Some Surprising A-fib Triggers
Atrial Fibrillation (A-fib or AF) is the most common Arrhythmia amongst Americans and can lead to increased risk of stroke and sudden cardiac death. Symptoms can include any one or more of the following:
Chest pain, heart palpitations (pounding, racing, noticeable irregular heartbeat), Fatigue, Weakness, Difficulty breathing (especially while lying down or with activity), Dizziness.
Though symptoms can go unnoticed, most people know at least a few of the common triggers. Knowledge of these and a few lesser known triggers can help you be a better advocate for yourself and lower your risk. A few of the more common A-fib triggers include alcohol, smoking, exercise and certain over-the-counter cough and cold medicines. Let’s take a look at some of the less common ones listed below.
1. Emotional, Mental, and Job-related stress
The link between mental health and with A-fib has been established in a number of studies. According to John Day, MD, a cardiologist specializing in the treatment of A-fib and other abnormal heart rhythm conditions at the Medical Center Heart Institute in Salt Lake City, Utah, “research has shown that on days when people are feeling very anxious, stressed, or angry, the likelihood that their heart will go out of rhythm is significantly increased.” Job-related stress, or “job strain,” was associated with nearly a 50 percent increased risk of A-fib according to a European Journal of Preventive Cardiology.
Appropriately, what’s going on in our lives often manifests in the heart. Depression, anxiety, anger and stress are all a part of this according to Dr. Day. It’s imperative to pay attention to our mental, emotional, physical and relationship health! We hope and pray this is one good thing that comes from our bizarre 2020 year of Covid-19. With the forced slow down, hopefully we’ve used some of that time to take inventory and made positive changes and even sacrifices for an overall better and healthier self.
2. Air Quality and Environmental Factors
Would you believe that exposure to poor air quality in the last 24 hrs can lead to an increased risk of A-fib?! Some studies suggest that exposure to traffic-related pollution over an extended period of time also contribute to a higher risk of A-fib. Our recent fires in CA, OR, and WA state are another reason to take extra precaution and heed the warnings of POOR AIR QUALITY. For more details on how the wildfires can affect our health, check out this article on Everyday Health.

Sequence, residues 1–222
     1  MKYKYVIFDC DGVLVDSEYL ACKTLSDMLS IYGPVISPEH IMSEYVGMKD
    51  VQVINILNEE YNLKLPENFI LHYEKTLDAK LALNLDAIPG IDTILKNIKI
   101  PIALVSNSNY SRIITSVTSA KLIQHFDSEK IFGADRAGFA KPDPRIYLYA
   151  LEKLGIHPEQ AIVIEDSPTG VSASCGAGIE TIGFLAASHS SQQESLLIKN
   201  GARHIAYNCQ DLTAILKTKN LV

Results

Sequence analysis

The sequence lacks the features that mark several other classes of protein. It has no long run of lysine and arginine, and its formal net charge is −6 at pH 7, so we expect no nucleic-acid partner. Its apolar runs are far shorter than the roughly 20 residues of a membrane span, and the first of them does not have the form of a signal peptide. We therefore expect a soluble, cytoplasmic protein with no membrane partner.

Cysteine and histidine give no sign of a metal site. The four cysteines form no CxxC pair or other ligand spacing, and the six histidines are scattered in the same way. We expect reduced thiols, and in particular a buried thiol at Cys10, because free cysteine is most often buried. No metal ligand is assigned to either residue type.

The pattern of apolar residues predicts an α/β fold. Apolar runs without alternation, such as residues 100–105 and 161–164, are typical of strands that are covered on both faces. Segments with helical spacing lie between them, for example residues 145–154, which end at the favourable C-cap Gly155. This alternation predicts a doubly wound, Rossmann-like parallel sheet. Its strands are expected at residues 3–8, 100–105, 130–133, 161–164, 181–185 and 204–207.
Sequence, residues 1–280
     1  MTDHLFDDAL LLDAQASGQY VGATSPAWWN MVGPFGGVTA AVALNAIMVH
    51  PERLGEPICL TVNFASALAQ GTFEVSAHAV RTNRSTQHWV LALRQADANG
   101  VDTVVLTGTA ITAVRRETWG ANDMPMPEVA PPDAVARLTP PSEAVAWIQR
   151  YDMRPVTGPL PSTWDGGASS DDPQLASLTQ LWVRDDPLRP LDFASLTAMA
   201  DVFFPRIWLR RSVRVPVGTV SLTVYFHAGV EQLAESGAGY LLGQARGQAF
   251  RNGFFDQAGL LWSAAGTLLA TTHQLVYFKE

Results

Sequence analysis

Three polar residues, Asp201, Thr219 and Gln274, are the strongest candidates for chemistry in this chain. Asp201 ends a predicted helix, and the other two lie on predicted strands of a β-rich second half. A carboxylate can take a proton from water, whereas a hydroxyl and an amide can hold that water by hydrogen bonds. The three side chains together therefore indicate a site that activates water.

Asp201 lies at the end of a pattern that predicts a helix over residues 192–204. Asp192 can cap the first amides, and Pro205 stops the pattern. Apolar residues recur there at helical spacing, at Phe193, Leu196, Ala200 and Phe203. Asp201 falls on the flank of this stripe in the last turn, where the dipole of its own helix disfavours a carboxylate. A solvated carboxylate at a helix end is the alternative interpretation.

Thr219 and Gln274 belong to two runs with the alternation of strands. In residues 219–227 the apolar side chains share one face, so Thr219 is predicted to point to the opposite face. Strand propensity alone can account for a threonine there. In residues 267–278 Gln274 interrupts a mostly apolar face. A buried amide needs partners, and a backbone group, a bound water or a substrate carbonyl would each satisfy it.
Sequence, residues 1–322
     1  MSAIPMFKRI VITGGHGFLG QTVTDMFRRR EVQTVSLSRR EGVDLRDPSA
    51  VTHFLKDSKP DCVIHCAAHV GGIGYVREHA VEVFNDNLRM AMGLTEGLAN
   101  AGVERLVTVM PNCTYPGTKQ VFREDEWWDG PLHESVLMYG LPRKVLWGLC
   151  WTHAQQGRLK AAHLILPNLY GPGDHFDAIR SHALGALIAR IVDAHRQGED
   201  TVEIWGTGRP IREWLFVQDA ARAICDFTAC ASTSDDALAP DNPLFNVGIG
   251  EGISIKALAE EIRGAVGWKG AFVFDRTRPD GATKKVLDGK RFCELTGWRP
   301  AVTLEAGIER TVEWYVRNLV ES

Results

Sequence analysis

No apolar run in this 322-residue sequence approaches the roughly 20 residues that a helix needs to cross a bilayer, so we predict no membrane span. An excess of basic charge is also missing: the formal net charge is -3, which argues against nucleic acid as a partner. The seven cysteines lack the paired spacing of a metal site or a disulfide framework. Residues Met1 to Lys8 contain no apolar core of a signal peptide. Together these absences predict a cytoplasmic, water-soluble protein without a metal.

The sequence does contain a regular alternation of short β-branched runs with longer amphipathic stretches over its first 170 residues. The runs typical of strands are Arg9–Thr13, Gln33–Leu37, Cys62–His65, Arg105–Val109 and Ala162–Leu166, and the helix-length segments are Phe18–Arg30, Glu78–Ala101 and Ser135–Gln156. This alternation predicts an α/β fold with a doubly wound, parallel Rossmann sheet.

3. Certain foods and beverages
These can vary from person to person. Some people have reported that cold beverages or ice cream can trigger an A-fib episode for them. Others have found the certain foods, like Chinese, causes increased episodes. The take away is to be cognizant of what foods trigger any of the above mentioned symptoms and avoid them when possible. It seems coffee and tea lovers have lucked out, in moderation of course. Coffee used to have a bad reputation as an A-fib contributor but more recent studies have found that moderate coffee consumption is safe. In fact, some studies have found that coffee and tea may even help protect against A-fib! Can I get an Amen on that?!
4. Too much physical exercise or the wrong kind of exercise
Ok, not a problem for here, LOL, but the key to healthy exercise is regular and moderate. By regular, ideally 5 days a week (yikes) and by moderate, preferably an exercise you can carry a conversation while doing.
Rigorous exercise can actually cause an A-fib episode. Examples of excessive exercise are a very strenuous hike, long distance running, very high-impact aerobic exercise. Hopefully you know your body well enough to pace yourself. If you don’t, most people start with walking and build on the length or pace of that walk as you progress. Heart rate monitors are built into many of our phones now but there’s plenty of options out there to help monitor your heart rate.
A-fib is often referred to as a lifestyle disease in the medical community. A balanced diet, regular exercise and managing your weight are all key to reducing risk of A-fib. Not always easy but take heart, you’ve got company. We’re all in this together!
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